When the Marlins first acquired Brad Ziegler in December 2016, he was fresh off an impressive season with Boston and Arizona, where he converted 22 of 28 save opportunities with a 2.25 ERA. The Marlins wanted to fortify their bullpen going into 2017, with AJ Ramos, David Phelps and Kyle Barraclough already in place. In Ziegler, they were getting a proven reliever—with a 2.44 career ERA and 85 saves—to help get the ball to Ramos for the save.
But the veteran struggled mightily as a setup guy. Through June 20 of that first Marlins season, he posted an abysmal 6.52 ERA.
Ramos was traded to the Mets in late July, creating an opportunity for Ziegler to claim the closer role. The experiment paid dividends—in 19 appearances, he got 10 saves in 13 opportunities with a 2.00 ERA.
Fast-forward to this season...oh, how things have changed.
In 24 appearances as the closer (including non-save opportunities), Ziegler went 0-5 for a 7.83 ERA. Marlin fans were calling for a change early on, and after blowing a 2-1 lead against San Diego on May 30, they got their wish.
"How do you feel about the Marlins' closer situation, Cam?"— Fish Stripes (@fishstripes) May 31, 2018
2018 season record: 20-35 pic.twitter.com/5Wuio5ibEu
Of course, this wasn’t all on Ziegler. His defense hasn’t always been solid behind him, and has partially been responsible for an extra few runs crossing the plate. Through May 30, opponents had a .366 BABIP, which was on pace to be a career worst. Even now (entering Friday), this poor luck is reflected in his FIP (4.72) being almost a full run below his ERA (5.56).
Since the demotion, Ziegler has returned to being the pitcher the Marlins had hoped he would be. In eight appearances (11.0 IP) as a middle reliever, he has allowed only one earned run and collected four holds.
What has been the difference?
For one thing, Ziegler is utilizing mainly his sinker and slider to get plenty of ground balls. At 69.4 percent, he’s raised his ground ball rate by five points from last year. This is also his highest ground ball rate since 2015 (72.8 percent).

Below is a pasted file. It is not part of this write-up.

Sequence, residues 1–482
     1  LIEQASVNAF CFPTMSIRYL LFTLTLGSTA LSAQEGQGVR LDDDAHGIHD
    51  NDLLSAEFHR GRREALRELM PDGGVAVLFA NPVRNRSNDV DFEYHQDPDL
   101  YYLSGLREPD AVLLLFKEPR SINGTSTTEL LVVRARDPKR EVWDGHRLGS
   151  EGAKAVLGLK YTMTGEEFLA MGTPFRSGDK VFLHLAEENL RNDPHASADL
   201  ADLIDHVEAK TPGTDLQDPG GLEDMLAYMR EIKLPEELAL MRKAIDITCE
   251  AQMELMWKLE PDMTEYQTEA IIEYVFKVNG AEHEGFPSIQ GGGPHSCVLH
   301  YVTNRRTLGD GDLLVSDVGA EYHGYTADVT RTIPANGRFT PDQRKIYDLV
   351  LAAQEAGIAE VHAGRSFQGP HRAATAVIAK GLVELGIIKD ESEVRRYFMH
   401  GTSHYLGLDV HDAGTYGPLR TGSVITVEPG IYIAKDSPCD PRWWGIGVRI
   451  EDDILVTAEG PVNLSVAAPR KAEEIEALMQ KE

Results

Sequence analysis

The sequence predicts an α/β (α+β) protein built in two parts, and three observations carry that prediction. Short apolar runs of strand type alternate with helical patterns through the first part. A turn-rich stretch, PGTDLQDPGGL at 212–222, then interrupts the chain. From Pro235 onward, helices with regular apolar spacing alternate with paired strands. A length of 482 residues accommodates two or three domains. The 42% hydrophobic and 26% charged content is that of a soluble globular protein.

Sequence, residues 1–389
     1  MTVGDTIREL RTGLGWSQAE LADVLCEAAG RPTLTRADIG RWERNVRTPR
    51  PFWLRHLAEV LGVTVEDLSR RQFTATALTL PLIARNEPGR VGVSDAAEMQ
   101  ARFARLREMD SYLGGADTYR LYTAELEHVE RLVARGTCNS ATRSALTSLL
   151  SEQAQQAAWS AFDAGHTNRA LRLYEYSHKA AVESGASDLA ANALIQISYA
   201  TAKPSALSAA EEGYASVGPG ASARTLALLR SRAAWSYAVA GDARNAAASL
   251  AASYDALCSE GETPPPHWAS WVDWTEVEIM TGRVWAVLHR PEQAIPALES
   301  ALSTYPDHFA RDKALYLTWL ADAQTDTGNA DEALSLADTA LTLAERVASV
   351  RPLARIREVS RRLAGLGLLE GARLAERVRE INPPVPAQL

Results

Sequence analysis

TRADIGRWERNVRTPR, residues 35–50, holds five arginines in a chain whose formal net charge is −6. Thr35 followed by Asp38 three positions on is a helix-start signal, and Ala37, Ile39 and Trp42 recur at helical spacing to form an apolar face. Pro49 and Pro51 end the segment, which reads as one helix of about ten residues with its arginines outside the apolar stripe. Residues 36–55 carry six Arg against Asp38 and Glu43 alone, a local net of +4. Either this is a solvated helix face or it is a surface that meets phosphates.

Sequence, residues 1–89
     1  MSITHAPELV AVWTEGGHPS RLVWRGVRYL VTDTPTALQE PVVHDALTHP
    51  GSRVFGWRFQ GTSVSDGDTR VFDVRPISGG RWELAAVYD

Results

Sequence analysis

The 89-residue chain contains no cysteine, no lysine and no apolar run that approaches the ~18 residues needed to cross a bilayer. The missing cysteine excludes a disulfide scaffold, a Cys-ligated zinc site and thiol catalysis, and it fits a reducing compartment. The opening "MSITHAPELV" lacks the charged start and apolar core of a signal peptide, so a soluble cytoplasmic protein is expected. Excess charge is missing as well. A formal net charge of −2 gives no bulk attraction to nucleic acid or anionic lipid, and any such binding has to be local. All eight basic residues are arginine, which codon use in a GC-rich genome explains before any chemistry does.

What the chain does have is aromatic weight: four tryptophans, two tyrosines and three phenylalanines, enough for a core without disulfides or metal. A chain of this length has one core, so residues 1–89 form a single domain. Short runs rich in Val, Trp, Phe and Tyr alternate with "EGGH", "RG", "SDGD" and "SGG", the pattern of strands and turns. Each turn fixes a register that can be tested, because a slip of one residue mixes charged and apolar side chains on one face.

One other big reason for this resurgence might be the usage of that slider. In April and May, he seldom used it, only throwing it 11 percent of the time. And when he was using it, he had trouble controlling it.
As you can see below, his slider wasn’t in spots to induce ground balls and soft contact. Most ended up in the middle of the zone.
The next chart shows where he’s placed the slider since June 1. He’s almost completely abandoned the upper half of the zone. This month, 58 percent of his sliders have been at the bottom of the zone/just below it. Before June 1, that number was just 39 percent.
Want to see this improved pitch placement in action? Look back to June 8 against the Padres. With only one out and the bases loaded in the top of the 6th, Ziegler induced a double play to hold the lead for the Marlins.
Because of his affinity for inducing ground balls, Ziegler has become the go-to reliever for getting the Fish out of jams. Since June 1, he has inherited 12 runners and only allowed three of those to score.
Is this the new Brad Ziegler? Or just a hot streak? Only time can tell. But for now, the Marlins bullpen—already featuring dominant arms like Barraclough and Drew Steckenrider—looks even more intimidating.